Adam Bold, chairman of the Abrams Artists Agency, has reached out to the WGA in the hopes of making a deal. “I would like to talk with you about a way to let your members and my staff get back to work,” he wrote Monday night in an email to David Young, executive director of the WGA West. “Is there a good time on Tuesday for us to talk?”
If such a deal can be made, Abrams Artists would be the first mid-sized agency to break ranks with the Association of Talent Agents in its 11-week standoff with the guild over packaging fees and agency affiliations with production entities. Bold told Deadline that’s he’s willing to accept the guild’s terms on those two key issues, but that he’s not willing to sign the WGA’s Agency Code of Conduct.
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His move to find a middle ground comes after the WGA said last week it’s done talking to the ATA and invited each of its member companies to negotiate separately with the guild. “The WGA opened the door when they said they want to negotiate with each firm individually, so I am accepting their offer,” he told Deadline. “I am trying to reach an interim working arrangement with them.”
Bold said he won’t sign the guild’s code, however, because it contains provisions “that are not good for our writer-clients. First of all, they would require us to send the guild personal financial information about our clients, even if they specifically instructed us not to. My responsibility will always be to our clients, not a third party.”
“And there’s a provision of the code that says that after three years, the guild, at its discretion, has the one-sided ability to change the terms of the contract. In other words, they could change our commission rate from 10% to 1%. They can do it unilaterally, but I can’t.”
“If I was going to sign it,” he said, “I would have to hire a labor attorney, an antitrust attorney and a corporate attorney. I would have to spend hundreds of thousands of dollars. If I’m going to spend that kind of money, I would rather spend it on my clients.”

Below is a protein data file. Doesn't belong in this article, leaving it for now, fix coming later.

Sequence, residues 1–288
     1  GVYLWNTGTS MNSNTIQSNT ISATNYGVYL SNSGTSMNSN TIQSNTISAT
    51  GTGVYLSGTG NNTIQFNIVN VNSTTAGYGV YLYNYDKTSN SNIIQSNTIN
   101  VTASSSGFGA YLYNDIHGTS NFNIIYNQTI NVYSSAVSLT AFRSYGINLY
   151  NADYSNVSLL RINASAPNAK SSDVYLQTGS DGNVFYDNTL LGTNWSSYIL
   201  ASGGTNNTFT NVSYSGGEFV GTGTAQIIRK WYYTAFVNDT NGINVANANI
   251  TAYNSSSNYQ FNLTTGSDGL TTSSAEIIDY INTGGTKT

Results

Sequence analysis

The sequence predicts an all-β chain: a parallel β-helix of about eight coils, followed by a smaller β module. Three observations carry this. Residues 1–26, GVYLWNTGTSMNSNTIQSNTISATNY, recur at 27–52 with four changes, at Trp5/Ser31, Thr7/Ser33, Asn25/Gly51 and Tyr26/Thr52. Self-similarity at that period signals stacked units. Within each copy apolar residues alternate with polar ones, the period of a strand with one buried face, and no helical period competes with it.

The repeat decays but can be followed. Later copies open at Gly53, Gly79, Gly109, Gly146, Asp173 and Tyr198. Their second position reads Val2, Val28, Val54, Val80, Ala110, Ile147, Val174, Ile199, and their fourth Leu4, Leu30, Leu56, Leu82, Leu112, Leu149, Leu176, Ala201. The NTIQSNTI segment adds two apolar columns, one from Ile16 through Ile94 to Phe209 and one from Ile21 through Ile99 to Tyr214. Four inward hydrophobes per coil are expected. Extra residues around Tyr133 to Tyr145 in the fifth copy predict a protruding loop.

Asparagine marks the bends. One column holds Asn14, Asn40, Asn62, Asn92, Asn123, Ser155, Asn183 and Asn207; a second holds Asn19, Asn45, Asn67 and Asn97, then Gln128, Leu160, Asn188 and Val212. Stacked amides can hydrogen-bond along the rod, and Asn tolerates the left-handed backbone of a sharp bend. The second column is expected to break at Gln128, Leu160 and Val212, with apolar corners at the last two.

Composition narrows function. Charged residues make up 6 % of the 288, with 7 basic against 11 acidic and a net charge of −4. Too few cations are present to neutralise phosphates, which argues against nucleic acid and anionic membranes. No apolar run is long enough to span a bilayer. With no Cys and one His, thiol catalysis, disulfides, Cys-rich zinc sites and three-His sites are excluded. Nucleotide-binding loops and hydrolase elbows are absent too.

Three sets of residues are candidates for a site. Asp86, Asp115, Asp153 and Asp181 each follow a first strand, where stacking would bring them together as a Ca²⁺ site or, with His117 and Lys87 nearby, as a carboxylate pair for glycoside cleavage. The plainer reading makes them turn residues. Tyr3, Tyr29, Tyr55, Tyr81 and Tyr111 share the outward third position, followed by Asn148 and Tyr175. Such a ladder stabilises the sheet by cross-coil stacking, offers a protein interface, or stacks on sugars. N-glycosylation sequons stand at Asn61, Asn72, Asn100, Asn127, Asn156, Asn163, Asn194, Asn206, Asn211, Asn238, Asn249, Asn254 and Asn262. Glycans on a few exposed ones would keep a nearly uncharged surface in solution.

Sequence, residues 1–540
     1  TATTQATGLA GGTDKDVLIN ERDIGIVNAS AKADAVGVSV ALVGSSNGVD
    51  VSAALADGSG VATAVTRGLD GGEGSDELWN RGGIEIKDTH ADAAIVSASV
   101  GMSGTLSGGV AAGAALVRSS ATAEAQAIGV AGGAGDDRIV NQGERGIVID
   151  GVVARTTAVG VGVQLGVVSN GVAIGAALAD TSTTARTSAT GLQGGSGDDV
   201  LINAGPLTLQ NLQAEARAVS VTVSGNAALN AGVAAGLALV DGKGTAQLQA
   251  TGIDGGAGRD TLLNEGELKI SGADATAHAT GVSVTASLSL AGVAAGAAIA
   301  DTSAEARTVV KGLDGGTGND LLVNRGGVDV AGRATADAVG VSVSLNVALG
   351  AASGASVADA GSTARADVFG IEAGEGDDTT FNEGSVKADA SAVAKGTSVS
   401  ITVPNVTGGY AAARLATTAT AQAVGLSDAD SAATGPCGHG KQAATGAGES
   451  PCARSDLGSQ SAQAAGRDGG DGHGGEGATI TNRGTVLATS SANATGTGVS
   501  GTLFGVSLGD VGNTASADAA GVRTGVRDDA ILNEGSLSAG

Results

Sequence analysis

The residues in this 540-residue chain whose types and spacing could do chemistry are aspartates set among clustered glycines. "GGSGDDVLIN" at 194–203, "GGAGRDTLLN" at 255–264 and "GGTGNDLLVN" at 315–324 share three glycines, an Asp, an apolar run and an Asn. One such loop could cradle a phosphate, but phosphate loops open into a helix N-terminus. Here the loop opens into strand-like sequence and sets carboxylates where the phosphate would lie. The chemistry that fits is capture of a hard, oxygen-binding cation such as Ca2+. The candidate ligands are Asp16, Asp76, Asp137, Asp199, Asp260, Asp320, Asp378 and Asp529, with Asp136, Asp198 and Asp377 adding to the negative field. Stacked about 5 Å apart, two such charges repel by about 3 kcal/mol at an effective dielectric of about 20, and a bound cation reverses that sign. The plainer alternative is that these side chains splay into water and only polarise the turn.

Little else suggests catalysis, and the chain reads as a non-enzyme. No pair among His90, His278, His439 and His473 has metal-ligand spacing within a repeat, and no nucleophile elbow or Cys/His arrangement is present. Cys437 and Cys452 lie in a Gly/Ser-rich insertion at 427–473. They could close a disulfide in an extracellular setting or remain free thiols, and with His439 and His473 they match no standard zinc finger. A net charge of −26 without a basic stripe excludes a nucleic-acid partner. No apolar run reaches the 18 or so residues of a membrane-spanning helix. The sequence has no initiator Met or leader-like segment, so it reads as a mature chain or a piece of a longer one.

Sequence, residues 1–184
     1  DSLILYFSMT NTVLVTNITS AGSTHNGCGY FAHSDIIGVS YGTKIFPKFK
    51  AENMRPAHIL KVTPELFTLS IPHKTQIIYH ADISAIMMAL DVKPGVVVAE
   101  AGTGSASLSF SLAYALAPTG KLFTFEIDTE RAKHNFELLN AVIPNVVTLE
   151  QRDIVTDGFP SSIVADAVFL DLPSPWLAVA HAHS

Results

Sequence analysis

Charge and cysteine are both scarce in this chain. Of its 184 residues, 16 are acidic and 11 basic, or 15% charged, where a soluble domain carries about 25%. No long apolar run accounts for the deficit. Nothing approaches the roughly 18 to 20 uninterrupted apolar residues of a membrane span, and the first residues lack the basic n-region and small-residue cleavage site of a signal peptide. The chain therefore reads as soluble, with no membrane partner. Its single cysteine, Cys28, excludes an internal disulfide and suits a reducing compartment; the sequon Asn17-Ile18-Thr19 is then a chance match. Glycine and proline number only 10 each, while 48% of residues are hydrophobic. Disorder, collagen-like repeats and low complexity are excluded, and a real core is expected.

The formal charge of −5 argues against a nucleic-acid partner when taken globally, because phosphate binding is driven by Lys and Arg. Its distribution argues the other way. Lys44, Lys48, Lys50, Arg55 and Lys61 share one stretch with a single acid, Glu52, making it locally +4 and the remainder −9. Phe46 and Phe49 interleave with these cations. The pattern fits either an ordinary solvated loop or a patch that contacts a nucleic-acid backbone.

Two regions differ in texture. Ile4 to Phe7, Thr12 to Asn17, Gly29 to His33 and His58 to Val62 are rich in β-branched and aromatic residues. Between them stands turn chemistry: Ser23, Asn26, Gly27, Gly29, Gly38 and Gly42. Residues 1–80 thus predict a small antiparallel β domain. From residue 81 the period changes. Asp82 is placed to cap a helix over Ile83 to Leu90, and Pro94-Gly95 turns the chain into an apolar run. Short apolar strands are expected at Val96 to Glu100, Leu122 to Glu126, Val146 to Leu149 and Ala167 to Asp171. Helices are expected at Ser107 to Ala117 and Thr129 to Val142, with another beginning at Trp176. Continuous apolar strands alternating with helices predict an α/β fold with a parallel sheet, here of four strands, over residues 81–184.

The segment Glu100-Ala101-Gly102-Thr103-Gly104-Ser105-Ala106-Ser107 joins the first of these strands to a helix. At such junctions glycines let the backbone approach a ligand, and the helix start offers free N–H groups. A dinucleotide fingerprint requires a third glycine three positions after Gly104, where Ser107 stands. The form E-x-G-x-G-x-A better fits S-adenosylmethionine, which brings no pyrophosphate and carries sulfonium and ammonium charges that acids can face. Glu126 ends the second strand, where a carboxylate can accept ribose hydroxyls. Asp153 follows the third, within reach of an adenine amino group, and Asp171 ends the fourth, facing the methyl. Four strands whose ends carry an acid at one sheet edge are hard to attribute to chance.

These issues, he said, are “small stumbling blocks,” however, given that Abrams Artists is willing to abide by the guild’s two chief concerns: eliminating packaging fees and agency affiliations. “We’ll agree to take out the two biggest issues that they are concerned with,” he said. “The ATA and the WGA at some point will reach an agreement, and we agree to abide by whatever they put together.”
The Pantheon Agency is the only ATA member-agency to sign the guild’s code of conduct so far, but it doesn’t represent many writers. Verve has also signed, but it has never been an ATA member. In recent days, several high-profile writers have signed with Verve.
In March, as the WGA-ATA showdown intensified, Abrams Artists Agency’s three partners – Bold, Robert Attermann and Brian Cho – confirmed they would not sign the code, but in a a memo to staff at the time said they had not been consulted by the ATA about its negotiations with the guild.
“We are members of the ATA, and they do a good job of representing us on most topics and issues, but quite honestly, they haven’t consulted with us regarding the writers,” the memo said. “They have been informing us about their efforts, but they are really only concerned with the big four [CAA, WME, UTA and ICM Partners] – especially since so much of the argument is over packaging, and those firms do the vast majority of it.”
They added: “We are going to have to live with the outcome of this situation since they are not asking us, but we will do the right thing for our clients here – regardless of what the WGA and the ATA work out.”
The partners acquired Abrams Artists in September 2018 from founder Harry Abrams.
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